If you want to go further back in time, the Mayan Ruta Puuc is a network of roads traversing through small towns and past cultural sites and abandoned haciendas. One site worth visiting along the Ruta is called Uxmal. Many claim that the Mayan ruins of Uxmal are even more spectacular than Chichén Itzá. As an added benefit, Uxmal isn’t overrun with visitors blocking your epic temple photos. At Uxmal, you can still climb most of the temples for exhilarating views of the jungle below. The decorative friezes along the “Governor’s Palace” are in incredible condition and demonstrate how Mexican design, as we know it today, owes a lot to the artists of these Mayan masterpieces.
6) COOL CULTURE
During the scorching hot days, one of the best places to be is inside one of Mérida’s air conditioned cultural institutions. El Museo Casa Montejo is right on the central plaza and dates back to 1549. Here you’ll be able to explore the original home of Spanish conquistador Francisco de Montejo and view the contemporary art exhibitions in the newer part of the museum. One of the highlights of our time at the museum was discovering the images of celebrated Mexican photographer Flor Garduño.
Another “cool” way to see downtown is to book a quick carriage ride up Paseo de Montejo (the same Montejo from earlier). Inspired by wide French boulevards, this avenue is lined with trees and beautiful mansions built in the late 19th Century. Our carriage driver dropped us at the original home of Yucatán’s mayor which is now the Museum of Anthropology: the Palacio Canton. In addition to their impressive collection of Mayan artifacts, there was an exhibition exploring the influence and power of women in Yucatánian history.
7) MEET YOU AT THE MERCADO
For more excitement and color, check out the Mercado de Lucas Galvez just south of the Plaza Grande. This is the real deal, where Mérida’s citizens shop for fruits and vegetables, flowers, meat, clothes, candles, and more. It was absolutely packed on a Saturday, so if you like to people-watch, grab a bench and soak it all in. Be sure to try some of the exotic looking produce or sample sweet pastries like pan dulce!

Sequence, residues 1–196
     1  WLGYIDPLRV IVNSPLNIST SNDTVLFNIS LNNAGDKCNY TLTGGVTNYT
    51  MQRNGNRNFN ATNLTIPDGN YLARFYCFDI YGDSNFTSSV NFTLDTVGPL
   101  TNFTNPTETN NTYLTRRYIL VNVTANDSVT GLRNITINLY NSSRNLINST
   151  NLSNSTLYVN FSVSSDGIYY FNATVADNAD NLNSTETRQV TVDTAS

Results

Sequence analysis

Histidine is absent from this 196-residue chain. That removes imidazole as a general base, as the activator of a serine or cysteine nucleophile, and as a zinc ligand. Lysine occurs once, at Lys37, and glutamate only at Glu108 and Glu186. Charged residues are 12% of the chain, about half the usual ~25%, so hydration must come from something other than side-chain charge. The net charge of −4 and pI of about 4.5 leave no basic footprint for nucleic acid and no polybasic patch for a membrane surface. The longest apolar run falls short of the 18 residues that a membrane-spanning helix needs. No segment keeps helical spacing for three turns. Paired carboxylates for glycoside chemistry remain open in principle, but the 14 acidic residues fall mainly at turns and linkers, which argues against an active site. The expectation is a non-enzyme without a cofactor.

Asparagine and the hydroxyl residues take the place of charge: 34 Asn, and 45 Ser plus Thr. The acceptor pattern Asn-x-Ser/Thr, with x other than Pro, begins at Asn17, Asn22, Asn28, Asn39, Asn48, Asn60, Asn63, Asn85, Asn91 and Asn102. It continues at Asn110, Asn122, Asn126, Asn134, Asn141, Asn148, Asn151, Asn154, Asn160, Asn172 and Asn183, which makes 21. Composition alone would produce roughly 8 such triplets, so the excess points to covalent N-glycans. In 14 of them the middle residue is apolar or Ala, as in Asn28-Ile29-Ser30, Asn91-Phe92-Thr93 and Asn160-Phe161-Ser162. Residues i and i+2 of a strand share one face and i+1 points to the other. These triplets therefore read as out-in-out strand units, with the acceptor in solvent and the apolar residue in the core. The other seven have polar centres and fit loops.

8) NOT ABOUT THE TACOS
Dining in the city of Mérida is impressive. Following recommendations from our hosts, we were wowed by Apoala and Oliva Enoteca with fresh and thoughtfully-combined ingredients. Oliva’s chef Stefano Marcelletti has created an overall delicious menu, including the best cannoli I’ve ever tasted. If you ever tire of Mexican food, you can find almost any cuisine you crave in Mérida. Mercado 60, just north of Santa Lucia Park, is a colorful outdoor market with 18 international food booths and live music most nights.
9) A LOT OF SONG & DANCE
Nightlife is everywhere in Mérida and involves every generation. During the summer, citizens delay dinner until as late as 10pm, choosing to spend early evenings in air-conditioned movie theaters, bars and public squares.
Women in traditional huipil dresses, men in Panama hats, and even teenagers in jeans gather in the parks in the evenings to cool off and enjoy free events. Each day of the week a different neighborhood hosts performances that bring locals and visitors together. Some of my most heartwarming memories of Mérida were these glimpses into local life – families dancing and clapping and laughing together.
10) LAST CALL
A perfect way to wind down after a day touring Mérida is to head to the cantinas for drinks. La Pulquerida “Cantina Latina” is a popular place near barrio Santiago packed with well-dressed and energetic youth. A classic hangout spot is La Negrita Cantina on Calle 60 which has been around since 1918. The artisan craft brew movement is also taking over the city at places like Hermana Republica where you’ll find a trendy vibe and photo-worthy deconstructed courtyard.
If you head to Mérida in the summer, prepare for the heat, but also prepare to have your heart stolen. The awe-inspiring architecture and design, the sophisticated food, the ancient and colonial context, and the incredibly friendly citizens of Mérida will make it hard to leave, and will make you glad you chose to get an authentic Yucatán summer experience.
We hope that this article has inspired you to spend your summer in Mérida. If you have any questions about the destination please leave these in the comments below.